COLUMBUS (WCMH) – A Columbus veteran who was dishonorably discharged from the Army in the 1950s for being gay died this week, just months after his discharge status was upgraded to “honorable.”
Donald Hallman, 83, was among an estimated 100,000 veterans who were discharged from military service for being homosexual.
After the repeal of “Don’t Ask, Don’t Tell” (DADT) in 2010, Hallman worked to have his discharge status corrected and his military benefits reinstated.
“At age 82, Mr. Hallman courageously undertook the upgrade process to have his discharge status corrected and his honor restored, and I’m proud we were able to correct this injustice,” said Sen. Sherrod Brown (D-OH) in a statement.
Lori Gum, program coordinator at Stonewall Columbus, called Hallman a “hero.”
“With our program, our discharge review program, [Hallman was] really the first vet to come out and be public about it and urge others to attempt to get their honor back, essentially,” Gum said.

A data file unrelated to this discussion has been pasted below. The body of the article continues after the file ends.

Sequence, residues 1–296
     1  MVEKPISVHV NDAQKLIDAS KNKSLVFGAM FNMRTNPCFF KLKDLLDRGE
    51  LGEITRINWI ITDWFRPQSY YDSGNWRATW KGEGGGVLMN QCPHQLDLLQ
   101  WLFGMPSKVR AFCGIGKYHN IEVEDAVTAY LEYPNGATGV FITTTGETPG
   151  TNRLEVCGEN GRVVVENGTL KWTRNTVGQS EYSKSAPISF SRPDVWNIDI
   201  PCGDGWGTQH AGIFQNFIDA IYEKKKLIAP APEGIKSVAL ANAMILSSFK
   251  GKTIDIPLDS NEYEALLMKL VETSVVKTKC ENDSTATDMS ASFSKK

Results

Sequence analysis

Gum said Stonewall is currently working with about 14 veterans across the country to go through the long process of upgrading their discharge. She said one veteran from Connecticut is 93 years old and was discharged dishonorably in 1948 from the Air Force in Texas.
“[Hallman’s] loss is felt very deeply in our LGBT and certainly our veterans community and all of Columbus,” Gum said. “He was really a role model for so many of our vets who, up to this point, might have been very hesitant to seek their discharge upgrades.”
Gum acknowledged that finding records from long ago can be a difficult process. However, she said that progress has been made with new policies in the military, including the repeal of DADT and allowing gay servicemembers to serve openly. She noted that starting July 1, transgender individuals can also serve openly.
“Thankfully, the progress has been made so we don’t have to continue to go back and get the discharge upgrades but there are so many left behind,” Gum said.
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